Giving Compass’ Take:
• Aaron S. Kesselheim reviews the origins of high prescription drug prices in the United States, as well as various policy mechanisms that can lead to more rational spending.
• How can funders and impact investors work to reduce the cost of prescription drugs? Should the government work to reduce prescription drug costs?
This essay is part of Vision 2020: Evidence for a stronger economy, a compilation of 21 essays presenting innovative, evidence-based, and concrete ideas to shape the 2020 policy debate. The authors in the new book include preeminent economists, political scientists, and sociologists who use cutting-edge research methods to answer some of the thorniest economic questions facing policymakers today. Topics range from economic inequality, race, and mobility, to competition, wages, taxes, macroeconomics, and family economic security.
To read more about the Vision 2020 book and download the full collection of essays, click here.
Prescription drugs are among the most effective and cost-effective interventions in medicine, and the drug industry plays an important role in bringing these products to market, which can require substantial resources. Yet drug prices in the United States continue to rise without a direct connection to the costs of development, which can make breakthroughs unaffordable for many patients, leading to bad clinical consequences.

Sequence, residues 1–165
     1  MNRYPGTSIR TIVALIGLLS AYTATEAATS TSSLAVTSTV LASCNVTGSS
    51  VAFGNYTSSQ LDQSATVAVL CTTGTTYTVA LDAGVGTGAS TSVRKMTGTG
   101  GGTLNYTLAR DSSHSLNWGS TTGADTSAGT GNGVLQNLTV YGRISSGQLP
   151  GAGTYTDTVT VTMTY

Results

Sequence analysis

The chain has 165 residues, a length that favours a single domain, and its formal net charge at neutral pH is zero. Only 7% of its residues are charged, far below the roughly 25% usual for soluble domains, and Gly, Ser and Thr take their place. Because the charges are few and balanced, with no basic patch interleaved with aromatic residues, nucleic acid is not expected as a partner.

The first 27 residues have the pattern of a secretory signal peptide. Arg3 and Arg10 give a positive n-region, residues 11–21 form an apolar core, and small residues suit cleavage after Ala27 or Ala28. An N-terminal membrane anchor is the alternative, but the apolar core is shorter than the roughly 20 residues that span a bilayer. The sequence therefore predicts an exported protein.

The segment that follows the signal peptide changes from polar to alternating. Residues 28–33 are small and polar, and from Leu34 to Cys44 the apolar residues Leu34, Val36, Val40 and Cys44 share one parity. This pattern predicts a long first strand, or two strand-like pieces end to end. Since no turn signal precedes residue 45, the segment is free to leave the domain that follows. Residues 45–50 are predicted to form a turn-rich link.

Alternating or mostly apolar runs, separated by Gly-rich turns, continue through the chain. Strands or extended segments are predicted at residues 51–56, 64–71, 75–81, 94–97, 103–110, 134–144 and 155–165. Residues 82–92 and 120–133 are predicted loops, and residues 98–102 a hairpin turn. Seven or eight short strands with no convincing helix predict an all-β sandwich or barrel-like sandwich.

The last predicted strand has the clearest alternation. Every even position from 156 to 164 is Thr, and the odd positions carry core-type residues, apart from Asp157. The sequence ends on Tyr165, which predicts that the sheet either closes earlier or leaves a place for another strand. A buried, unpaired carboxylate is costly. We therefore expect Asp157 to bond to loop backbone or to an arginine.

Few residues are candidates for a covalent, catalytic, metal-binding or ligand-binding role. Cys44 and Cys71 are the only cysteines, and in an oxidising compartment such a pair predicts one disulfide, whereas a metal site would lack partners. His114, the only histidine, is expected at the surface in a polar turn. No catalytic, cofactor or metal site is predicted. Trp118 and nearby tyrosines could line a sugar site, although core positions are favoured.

Rising drug prices also are a major driver of U.S. healthcare spending, now accounting for about one-fifth of overall spending, with one private insurer reporting that 25 percent of healthcare dollars are going to prescription drugs.1 The United States spent about $476 billion on prescription drugs in 2018.2 This is an increase of about $100 billion as compared to $361 billion in spending in 2014,3 with the discovery and testing of new drugs accounting for additional tens of billions of taxpayer and private dollars.
Read the full article about improving competition to lower U.S. prescription drug costs by Aaron S. Kesselheim at Washington Center for Equitable Growth.
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